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expert reaction to open letter on COVID-19 strategy written by Prof Karol Sikora, Prof Carl Heneghan, Prof Sunetra Gupta and others

An open letter has been sent to the Prime Minister by a group of scientists calling on him to alter the governments COVID-19 strategy.


Dr Stephen Griffin, Associate Professor in the School of Medicine, University of Leeds, said:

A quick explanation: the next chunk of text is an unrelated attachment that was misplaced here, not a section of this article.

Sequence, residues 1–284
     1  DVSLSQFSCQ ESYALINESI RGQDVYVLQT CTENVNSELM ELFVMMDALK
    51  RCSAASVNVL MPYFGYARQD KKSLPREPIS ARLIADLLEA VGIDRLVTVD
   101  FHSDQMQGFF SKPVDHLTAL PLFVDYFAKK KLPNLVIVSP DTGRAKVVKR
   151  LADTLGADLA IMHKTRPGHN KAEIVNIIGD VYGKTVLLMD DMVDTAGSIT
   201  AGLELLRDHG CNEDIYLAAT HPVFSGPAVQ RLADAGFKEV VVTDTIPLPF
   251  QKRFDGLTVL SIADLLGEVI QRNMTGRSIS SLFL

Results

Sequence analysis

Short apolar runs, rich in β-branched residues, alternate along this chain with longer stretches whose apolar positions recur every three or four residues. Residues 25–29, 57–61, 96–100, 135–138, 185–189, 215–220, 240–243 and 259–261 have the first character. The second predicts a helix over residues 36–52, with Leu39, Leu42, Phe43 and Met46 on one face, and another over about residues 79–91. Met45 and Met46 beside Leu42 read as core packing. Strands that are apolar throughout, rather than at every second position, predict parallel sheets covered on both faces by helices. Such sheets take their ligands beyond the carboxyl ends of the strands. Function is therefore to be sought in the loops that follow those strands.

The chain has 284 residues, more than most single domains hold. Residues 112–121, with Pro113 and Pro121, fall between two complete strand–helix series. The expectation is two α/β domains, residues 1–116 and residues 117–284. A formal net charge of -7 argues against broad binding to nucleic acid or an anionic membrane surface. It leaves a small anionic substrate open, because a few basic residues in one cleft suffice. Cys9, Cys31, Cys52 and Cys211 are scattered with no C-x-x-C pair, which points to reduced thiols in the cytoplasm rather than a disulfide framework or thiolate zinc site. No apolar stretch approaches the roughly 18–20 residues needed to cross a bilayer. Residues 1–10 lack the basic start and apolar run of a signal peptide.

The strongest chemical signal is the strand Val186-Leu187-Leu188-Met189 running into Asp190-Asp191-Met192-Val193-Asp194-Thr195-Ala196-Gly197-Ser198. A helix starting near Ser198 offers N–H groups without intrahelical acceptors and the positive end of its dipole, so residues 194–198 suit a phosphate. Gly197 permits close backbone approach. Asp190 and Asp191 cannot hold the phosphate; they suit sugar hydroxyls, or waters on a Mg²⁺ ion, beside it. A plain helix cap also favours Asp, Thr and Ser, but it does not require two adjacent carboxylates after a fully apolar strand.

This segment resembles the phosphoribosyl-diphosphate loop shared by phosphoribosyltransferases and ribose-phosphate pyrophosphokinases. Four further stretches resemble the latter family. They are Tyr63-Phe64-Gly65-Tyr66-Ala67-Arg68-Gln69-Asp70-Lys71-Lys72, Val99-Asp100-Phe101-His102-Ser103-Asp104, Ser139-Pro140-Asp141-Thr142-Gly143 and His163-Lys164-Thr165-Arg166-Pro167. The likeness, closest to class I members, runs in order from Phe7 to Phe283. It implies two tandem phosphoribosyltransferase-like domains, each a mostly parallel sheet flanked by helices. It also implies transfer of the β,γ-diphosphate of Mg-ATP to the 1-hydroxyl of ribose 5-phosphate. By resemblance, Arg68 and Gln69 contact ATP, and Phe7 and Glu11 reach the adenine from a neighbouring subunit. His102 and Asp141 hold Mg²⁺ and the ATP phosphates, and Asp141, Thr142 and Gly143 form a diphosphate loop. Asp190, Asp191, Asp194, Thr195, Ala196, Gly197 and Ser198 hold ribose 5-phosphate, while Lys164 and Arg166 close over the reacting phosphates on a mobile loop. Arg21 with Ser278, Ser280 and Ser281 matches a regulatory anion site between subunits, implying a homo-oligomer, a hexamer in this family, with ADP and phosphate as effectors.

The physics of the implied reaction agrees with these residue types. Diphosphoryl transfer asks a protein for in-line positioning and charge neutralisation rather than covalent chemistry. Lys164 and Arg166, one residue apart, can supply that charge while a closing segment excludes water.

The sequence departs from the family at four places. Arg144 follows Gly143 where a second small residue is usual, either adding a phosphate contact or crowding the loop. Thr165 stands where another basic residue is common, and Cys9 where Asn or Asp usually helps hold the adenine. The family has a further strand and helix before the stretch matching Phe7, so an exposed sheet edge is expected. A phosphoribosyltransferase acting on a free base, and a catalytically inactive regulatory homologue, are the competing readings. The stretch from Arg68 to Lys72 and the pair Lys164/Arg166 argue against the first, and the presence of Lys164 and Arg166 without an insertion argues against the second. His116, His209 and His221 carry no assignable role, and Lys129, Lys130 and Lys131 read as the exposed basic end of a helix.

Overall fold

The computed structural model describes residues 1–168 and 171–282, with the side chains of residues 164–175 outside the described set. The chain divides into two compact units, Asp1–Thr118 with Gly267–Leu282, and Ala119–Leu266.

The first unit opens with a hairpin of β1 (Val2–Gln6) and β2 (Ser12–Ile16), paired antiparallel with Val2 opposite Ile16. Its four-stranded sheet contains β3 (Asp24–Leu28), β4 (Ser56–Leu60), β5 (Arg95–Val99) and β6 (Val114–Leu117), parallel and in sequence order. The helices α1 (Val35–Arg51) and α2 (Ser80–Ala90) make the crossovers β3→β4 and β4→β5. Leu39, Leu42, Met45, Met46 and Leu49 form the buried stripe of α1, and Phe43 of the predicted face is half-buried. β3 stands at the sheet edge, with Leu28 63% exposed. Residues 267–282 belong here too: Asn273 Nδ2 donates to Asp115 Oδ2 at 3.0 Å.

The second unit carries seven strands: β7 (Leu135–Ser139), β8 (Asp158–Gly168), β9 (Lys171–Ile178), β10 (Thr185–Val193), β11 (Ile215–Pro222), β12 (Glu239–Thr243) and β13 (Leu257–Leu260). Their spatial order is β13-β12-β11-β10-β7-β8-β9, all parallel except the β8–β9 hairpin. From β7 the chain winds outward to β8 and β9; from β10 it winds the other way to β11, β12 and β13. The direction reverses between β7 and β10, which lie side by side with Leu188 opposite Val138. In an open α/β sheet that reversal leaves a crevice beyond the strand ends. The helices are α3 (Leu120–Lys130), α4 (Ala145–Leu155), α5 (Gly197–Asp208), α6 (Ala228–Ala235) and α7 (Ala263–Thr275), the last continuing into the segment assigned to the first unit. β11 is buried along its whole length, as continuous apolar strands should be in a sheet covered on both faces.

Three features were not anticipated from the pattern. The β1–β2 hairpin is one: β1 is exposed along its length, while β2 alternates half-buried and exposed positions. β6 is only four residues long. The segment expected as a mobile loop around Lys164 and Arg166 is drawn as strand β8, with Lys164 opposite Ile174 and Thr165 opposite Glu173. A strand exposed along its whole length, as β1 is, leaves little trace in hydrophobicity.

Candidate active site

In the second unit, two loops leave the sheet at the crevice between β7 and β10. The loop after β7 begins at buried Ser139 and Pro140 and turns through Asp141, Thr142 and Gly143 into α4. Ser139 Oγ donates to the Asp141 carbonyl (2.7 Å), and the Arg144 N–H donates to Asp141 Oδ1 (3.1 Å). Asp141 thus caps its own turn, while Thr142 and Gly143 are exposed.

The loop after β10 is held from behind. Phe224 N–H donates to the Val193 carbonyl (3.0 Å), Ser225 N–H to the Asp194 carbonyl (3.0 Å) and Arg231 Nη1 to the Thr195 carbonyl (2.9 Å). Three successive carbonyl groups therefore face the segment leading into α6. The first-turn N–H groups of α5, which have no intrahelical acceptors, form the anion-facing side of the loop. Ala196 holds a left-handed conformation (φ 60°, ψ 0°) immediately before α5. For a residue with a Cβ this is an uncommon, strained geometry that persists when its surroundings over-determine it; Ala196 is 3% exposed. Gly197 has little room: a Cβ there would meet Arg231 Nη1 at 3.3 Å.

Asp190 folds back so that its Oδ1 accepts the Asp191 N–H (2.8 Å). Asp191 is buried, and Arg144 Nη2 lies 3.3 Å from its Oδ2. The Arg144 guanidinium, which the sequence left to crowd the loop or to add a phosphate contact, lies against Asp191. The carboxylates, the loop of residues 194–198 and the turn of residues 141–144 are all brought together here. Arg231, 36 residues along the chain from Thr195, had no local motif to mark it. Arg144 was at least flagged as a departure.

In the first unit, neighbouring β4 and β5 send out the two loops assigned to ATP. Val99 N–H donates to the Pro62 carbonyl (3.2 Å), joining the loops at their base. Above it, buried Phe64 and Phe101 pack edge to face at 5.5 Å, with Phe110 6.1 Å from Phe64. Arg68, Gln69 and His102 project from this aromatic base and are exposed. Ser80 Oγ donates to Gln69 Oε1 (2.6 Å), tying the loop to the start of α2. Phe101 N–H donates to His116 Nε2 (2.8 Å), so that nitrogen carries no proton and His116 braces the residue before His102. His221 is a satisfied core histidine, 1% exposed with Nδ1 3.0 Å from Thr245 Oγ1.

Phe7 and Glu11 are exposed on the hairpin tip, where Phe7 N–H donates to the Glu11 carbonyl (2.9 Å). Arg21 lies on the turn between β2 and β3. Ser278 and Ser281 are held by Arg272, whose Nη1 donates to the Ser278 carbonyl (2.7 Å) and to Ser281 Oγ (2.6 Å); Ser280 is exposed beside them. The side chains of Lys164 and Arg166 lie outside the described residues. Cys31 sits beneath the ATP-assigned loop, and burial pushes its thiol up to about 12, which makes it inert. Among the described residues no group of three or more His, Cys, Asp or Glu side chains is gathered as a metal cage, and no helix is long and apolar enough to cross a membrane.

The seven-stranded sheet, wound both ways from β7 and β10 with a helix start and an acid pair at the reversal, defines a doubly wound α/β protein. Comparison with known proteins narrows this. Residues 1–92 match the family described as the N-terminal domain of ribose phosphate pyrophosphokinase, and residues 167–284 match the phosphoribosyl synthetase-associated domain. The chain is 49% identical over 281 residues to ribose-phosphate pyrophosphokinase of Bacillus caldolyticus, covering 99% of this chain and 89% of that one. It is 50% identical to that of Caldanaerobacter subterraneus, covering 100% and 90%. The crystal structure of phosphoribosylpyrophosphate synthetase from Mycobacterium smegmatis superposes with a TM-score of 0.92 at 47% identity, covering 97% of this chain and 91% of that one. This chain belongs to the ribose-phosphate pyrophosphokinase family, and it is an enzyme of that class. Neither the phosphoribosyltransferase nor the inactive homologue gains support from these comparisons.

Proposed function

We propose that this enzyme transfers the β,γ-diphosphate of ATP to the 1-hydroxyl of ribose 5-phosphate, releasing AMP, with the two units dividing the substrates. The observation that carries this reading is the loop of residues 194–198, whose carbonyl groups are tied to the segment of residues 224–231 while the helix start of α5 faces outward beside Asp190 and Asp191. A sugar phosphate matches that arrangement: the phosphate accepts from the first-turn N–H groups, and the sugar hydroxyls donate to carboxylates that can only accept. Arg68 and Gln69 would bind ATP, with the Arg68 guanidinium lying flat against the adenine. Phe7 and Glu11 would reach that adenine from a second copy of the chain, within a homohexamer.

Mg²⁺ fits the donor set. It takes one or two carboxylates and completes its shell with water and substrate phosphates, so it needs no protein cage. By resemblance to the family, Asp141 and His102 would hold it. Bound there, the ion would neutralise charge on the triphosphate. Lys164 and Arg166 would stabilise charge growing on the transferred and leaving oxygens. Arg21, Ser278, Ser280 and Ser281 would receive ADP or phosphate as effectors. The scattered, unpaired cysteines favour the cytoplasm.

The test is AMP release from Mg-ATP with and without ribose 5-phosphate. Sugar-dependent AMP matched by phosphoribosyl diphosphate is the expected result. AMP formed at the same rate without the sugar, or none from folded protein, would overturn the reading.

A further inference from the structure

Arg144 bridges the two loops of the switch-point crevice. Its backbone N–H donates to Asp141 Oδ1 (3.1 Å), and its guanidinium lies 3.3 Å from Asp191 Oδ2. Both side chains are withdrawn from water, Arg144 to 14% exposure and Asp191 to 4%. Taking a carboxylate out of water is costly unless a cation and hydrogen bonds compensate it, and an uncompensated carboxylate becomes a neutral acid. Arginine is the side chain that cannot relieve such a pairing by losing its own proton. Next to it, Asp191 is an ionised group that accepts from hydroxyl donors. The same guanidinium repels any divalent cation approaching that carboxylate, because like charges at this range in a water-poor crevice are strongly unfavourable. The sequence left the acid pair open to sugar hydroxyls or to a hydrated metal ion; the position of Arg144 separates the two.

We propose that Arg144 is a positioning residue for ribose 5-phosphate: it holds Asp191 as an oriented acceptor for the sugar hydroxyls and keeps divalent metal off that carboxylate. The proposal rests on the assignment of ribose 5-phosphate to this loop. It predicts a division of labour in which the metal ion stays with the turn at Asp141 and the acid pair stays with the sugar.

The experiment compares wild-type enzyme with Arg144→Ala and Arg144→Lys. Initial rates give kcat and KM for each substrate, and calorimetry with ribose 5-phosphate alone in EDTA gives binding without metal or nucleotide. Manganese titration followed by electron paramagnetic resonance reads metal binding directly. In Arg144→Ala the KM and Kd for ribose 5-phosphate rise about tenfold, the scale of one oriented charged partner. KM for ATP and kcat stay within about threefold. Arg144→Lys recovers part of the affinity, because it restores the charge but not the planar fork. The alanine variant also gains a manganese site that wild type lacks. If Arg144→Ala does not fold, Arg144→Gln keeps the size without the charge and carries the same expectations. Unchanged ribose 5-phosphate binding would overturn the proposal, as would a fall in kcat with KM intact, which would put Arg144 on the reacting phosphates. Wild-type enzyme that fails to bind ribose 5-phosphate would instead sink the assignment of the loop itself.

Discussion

“This letter will no doubt appeal to a great many people.  The idea underpinning it essentially absolves the majority of the UK, or indeed even the world population from the responsibility of having to deal with the consequences of the SARS-CoV2 pandemic.  This reaction is understandable as we again find ourselves in a very similar position to that in early March, with the beginnings of exponential spread of the virus across much of the country.  One could therefore rightly ask what the point of the last six months has been, especially when confounded with failings in the testing system, public money wasted on bogus private contractors, and the new resurgence in hospitalisations.  The letter rightly points out that messaging from government has been less than clear, and that the consequences of lockdown and the pandemic for the NHS were severe.  In addition, the lockdown had profoundly negative effects upon businesses, mental health and family life; nowhere was this felt more keenly than amongst the less affluent members of the UK population.  Nevertheless, despite assertions in the letter, lockdown certainly succeeded in buying time to prepare by driving down community transmission; what was achieved with this time is quite another question.